|BOUTON, J - UNIVERSITY OF GEORGIA
|UTLEY, P - UNIVERSITY OF GEORGIA
Submitted to: Journal of Production Agriculture
Publication Type: Peer Reviewed Journal
Publication Acceptance Date: 3/23/1998
Publication Date: N/A
Interpretive Summary: Over 60,000,000 acres are used for perennial pasture in the humid south eastern U.S. In the southern portion of this region, perennial pastures are dominated by warm-season grasses, which provide a stable feed supply for livestock and maintain ground cover. However, they are unproductive during winter and feed value is often low limiting profitable livestock production. Alfalfa excels as a source of highly nutritious feed for cattle and other grazing livestock. Unfortunately, alfalfa is best adapted for hay production and has not survived more than a few years when grazed. Development of Alfagraze demonstrated that alfalfa could be selected to survive continuous grazing. Alfagraze, however, is very winter dormant, with little growth occurring from Oct through Mar, even where winters are mild. Two new non-dormant, grazing tolerant were selected and compared in 4 experiments to Alfagraze and adapted non-dormant cultivars. Both Amerigraze 702 and ABT 805 survived close continuous grazing as well as Alfagraze and much better than non-dormant check cultivars. Forage yields from late fall through early spring were higher than Alfagraze. These cultivars provide a source of very high quality livestock feed which can be harvested mechanically or by grazing. Judicious use of these alfalfas could augment the indigenous feed supply in the Southeast during critical periods when feed quality limits production.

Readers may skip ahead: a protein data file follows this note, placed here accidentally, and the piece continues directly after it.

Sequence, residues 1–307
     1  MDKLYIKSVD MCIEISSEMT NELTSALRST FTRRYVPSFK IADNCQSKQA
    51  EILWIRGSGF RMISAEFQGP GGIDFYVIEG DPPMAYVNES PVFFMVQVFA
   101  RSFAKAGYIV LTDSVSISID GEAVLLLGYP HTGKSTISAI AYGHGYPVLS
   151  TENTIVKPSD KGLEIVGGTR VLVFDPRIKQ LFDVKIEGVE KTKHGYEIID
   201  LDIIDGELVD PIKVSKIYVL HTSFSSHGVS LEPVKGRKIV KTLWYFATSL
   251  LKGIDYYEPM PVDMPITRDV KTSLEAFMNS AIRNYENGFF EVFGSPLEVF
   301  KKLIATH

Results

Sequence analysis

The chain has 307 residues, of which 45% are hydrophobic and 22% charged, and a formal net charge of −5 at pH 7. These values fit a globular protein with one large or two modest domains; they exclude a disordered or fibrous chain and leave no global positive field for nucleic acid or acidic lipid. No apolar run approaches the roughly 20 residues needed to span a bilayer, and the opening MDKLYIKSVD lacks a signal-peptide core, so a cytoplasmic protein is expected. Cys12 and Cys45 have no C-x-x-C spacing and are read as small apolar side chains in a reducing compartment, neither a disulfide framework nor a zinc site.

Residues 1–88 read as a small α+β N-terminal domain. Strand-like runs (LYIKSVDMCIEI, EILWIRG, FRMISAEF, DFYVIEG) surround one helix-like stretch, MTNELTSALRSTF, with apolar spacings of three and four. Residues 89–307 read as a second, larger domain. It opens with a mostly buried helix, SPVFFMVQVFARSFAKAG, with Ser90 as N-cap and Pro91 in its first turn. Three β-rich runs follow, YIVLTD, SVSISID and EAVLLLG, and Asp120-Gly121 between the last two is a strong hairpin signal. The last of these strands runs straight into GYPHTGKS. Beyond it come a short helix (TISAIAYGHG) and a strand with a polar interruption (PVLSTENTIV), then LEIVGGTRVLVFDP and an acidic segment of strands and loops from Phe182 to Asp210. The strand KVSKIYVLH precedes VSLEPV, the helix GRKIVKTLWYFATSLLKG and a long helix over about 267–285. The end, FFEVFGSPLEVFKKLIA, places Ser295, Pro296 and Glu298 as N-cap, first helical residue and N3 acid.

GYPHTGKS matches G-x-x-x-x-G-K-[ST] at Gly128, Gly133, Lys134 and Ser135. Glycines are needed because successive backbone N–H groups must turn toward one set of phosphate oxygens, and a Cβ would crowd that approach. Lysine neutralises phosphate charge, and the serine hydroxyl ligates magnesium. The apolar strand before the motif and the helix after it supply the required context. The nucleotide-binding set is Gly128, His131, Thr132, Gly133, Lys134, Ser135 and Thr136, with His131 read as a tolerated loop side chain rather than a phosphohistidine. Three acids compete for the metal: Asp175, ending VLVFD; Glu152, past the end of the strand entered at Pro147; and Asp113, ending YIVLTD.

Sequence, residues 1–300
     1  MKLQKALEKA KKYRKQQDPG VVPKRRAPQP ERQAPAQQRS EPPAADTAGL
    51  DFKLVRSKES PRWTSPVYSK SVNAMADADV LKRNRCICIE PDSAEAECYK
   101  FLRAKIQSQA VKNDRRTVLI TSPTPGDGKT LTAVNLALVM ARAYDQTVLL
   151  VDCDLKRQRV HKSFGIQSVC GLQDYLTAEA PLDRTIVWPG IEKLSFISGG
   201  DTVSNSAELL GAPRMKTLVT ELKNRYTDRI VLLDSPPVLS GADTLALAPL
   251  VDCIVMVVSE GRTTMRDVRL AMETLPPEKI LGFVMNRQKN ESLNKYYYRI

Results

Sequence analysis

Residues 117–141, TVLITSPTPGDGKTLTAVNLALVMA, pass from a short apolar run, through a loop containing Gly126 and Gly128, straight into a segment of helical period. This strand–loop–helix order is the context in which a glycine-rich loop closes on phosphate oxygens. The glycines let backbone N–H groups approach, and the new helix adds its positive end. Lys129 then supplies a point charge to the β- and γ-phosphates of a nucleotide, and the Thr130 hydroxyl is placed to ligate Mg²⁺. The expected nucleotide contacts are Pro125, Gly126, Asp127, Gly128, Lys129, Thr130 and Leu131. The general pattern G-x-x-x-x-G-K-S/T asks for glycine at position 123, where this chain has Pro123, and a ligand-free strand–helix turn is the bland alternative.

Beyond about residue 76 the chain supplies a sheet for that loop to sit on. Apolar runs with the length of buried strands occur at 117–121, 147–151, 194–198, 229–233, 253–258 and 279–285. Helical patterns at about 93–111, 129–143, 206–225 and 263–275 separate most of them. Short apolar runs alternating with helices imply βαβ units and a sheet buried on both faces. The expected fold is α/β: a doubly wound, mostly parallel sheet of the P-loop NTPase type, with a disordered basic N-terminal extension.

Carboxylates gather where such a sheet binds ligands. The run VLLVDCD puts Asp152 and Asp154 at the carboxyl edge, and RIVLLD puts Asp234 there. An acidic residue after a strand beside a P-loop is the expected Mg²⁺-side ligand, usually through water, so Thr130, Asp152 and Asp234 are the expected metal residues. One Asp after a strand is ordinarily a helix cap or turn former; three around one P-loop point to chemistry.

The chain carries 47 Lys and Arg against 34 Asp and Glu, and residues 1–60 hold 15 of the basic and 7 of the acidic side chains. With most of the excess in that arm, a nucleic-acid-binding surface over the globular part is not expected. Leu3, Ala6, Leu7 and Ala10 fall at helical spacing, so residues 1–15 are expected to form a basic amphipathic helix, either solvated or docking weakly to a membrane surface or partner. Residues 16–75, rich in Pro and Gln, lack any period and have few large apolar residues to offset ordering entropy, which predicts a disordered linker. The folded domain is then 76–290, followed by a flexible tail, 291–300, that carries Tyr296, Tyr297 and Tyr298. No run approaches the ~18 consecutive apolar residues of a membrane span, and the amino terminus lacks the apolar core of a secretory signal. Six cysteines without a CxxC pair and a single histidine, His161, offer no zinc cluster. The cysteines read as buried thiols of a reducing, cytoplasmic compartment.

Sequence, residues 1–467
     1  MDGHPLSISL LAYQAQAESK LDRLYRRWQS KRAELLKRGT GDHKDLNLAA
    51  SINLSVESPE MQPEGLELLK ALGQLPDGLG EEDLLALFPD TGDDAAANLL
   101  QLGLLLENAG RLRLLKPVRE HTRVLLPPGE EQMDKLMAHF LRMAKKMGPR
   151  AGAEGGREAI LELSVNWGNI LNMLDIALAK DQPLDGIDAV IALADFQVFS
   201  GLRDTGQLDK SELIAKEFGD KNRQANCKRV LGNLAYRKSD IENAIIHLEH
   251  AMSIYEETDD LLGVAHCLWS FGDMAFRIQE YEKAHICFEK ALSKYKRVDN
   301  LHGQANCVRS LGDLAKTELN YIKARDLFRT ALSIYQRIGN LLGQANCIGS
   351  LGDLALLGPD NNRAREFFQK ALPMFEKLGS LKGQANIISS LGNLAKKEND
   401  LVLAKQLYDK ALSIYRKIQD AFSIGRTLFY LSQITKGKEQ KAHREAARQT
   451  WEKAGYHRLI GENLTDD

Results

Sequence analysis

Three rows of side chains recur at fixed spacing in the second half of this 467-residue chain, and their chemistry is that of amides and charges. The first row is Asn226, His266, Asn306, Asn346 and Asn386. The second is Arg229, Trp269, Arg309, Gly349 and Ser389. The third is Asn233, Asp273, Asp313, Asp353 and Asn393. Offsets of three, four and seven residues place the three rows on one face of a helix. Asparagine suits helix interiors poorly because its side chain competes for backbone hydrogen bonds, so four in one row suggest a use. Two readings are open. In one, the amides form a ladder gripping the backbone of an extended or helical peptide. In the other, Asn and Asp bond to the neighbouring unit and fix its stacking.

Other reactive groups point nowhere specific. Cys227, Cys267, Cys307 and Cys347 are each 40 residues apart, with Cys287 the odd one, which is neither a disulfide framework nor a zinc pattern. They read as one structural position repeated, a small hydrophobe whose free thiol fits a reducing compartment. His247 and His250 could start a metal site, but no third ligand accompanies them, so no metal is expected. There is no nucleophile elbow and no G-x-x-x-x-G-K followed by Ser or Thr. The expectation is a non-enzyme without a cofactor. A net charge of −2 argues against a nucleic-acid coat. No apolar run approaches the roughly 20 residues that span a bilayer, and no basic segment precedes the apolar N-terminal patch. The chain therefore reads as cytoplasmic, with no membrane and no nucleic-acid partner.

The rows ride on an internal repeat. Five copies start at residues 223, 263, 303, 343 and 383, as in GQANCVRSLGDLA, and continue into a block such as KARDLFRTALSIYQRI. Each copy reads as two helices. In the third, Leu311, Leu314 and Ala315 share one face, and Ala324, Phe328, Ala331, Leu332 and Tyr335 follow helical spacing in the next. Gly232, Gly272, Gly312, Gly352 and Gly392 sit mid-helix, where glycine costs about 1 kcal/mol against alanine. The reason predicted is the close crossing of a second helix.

Technical Abstract: Perennial, warm season grasses are the predominate pasture species in the coastal plain region of the southern U.S. These grasses have two major limitations: an off-season when they have limited production and poor nutritional value during most of their main growing season. Using non dormant alfalfa as supplemental grazing for grass pastures has potential to overcome these limitations because it has a long growing season in areas with mild winters and also has high nutritional quality. However alfalfa is generally not grazed due to poor stand persistence. We used selection for survival after intense grazing to develop 2 nondormant, grazing tolerant alfalfa germplasms and these were tested for survival and yield in 4 experiments of 1-2 yr duration under heavy grazing pressure with continuous stocking by beef cattle at Tifton, GA. The selected, nondormant alfalfa germplasms possessed persistence under grazing equal to the dormant cultivars, Alfagraze but better than other nondormant cultivar checks as measured by plant survival. All entries were found to possess good plant survival in control areas which were clipped at an early flowering stage. The yield distribution of nondormant cultivars showed better late autumn and early spring yields than Alfagraze, but during one winter of the four in this study, some winter damage occurred on nondormant germplasms and cultivars which was not seen with Alfagraze.